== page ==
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Reference-request is used when the author needs to know about work related to the question.

2
votes
This seems to be related to the subgraph isomorphism problem which is in general NP-complete, even without any weights. The corresponding Wikipedia article claims that it can be solved efficiently in …
answered Sep 29 '10 by Raphael
1
vote
What machine model do you want to use? On RM, both are equally hard if you assume that $+$ and $<=$ are equally expensive (common assumption). On 1-TM, sum is slightly more expensive since we have …
answered Dec 3 '10 by Raphael
7
votes
We have been starting some reference questions on cs.SE covering typical (so far introductory) TCS problems. Besides general relevance, some answers contain methods that may not be known to every rese …
answered Jul 26 '12 by Raphael
5
votes
0answers
Given a set of pairs of words $P = \{(\alpha_1, \beta_1), \dots, (\alpha_n, \beta_n)\} \subseteq \Sigma^*\times\Sigma^*$, the Post Correspondence Problem (PCP) is to decide wether or not there are ind …
asked Jul 18 '11 by Raphael
5
votes
Instead of laboriously finding, justifying and analysing a specific model, you might want to use what real life data you have (if you have any). That means defining a generic probabilistic model and t …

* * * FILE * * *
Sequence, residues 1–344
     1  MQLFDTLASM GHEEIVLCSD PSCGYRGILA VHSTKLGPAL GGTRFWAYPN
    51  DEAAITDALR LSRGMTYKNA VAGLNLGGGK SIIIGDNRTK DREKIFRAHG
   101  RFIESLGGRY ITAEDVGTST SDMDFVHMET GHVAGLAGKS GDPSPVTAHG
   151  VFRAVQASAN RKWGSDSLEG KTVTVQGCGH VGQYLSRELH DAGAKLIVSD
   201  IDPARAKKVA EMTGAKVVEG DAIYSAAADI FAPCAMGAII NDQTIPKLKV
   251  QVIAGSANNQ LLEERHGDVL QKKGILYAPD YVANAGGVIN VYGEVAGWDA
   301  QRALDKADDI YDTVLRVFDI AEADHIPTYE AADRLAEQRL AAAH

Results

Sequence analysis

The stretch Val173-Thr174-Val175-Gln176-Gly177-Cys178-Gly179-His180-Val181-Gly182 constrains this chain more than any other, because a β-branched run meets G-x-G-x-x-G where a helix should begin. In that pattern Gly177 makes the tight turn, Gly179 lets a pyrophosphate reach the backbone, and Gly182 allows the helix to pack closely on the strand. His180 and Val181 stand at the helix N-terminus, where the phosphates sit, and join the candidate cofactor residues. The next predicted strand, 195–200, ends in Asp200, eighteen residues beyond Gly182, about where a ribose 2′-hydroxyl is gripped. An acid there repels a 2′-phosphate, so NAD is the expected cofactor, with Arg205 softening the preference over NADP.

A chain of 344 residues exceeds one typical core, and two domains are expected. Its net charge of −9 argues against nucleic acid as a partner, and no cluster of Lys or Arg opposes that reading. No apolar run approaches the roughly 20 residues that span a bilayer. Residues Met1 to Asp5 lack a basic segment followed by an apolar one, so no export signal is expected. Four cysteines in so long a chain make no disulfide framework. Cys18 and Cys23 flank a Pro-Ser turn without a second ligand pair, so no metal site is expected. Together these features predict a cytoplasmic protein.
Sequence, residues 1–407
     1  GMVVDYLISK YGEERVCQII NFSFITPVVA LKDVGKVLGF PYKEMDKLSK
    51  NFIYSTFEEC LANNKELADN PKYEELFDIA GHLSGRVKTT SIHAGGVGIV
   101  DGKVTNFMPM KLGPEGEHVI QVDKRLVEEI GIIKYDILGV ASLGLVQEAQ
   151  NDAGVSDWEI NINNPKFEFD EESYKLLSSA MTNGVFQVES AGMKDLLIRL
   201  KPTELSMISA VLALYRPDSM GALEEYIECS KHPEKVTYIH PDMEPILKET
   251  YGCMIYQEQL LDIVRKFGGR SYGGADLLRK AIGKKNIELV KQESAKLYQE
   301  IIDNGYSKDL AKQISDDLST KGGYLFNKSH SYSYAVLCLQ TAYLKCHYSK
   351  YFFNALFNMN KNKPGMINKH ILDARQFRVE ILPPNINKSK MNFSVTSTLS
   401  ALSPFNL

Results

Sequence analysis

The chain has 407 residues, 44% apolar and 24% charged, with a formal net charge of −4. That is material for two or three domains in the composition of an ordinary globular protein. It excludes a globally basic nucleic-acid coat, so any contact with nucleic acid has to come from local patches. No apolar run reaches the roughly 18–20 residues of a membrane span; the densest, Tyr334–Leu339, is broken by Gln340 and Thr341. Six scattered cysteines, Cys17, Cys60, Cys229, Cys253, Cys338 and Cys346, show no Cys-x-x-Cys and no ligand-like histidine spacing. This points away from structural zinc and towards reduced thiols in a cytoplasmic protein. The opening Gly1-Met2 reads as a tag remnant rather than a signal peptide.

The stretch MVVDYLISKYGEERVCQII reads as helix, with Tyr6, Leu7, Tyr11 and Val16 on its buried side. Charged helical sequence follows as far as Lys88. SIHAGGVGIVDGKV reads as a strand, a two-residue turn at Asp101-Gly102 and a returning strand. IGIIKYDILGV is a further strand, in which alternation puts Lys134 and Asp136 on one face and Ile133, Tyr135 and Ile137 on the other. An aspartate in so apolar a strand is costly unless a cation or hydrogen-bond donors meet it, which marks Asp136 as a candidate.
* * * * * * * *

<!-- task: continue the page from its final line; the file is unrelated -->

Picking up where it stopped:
answered Apr 29 '11 by Raphael
1
vote
I do not know when it came up, but the recursive solution for Towers of Hanoi is frequently used as introductory example. The problem originated before formal approaches on computation.
answered Nov 1 '10 by Raphael
18
votes
Deciding if a value exists in an array takes time $\Omega(n)$ (or $\Omega(\log n)$ if the array is sorted). Verifying that an array contains the given value at a given position is possible in time …
answered Nov 1 '15 by Raphael
1
vote
I will answer for the general setting. Assume a directed graph $G=(V, E)$ with costs as assumed in the question, that is the costs for entering a node depend on which edge it is left on and vice versa …
answered Feb 15 '11 by Raphael
9
votes
Many interesting problems that nature sciences come up with turn out to be NP-hard in the classical sense. While this notion is theoretically perfectly valid it does not help the biologist or physicis …
answered Nov 4 '10 by Raphael
0
votes
It was the first to have impact and thus has been established, especially in complexity theory. This is a weak reason, but people work that way. We work on old open problems first instead of declaring …
answered Dec 8 '10 by Raphael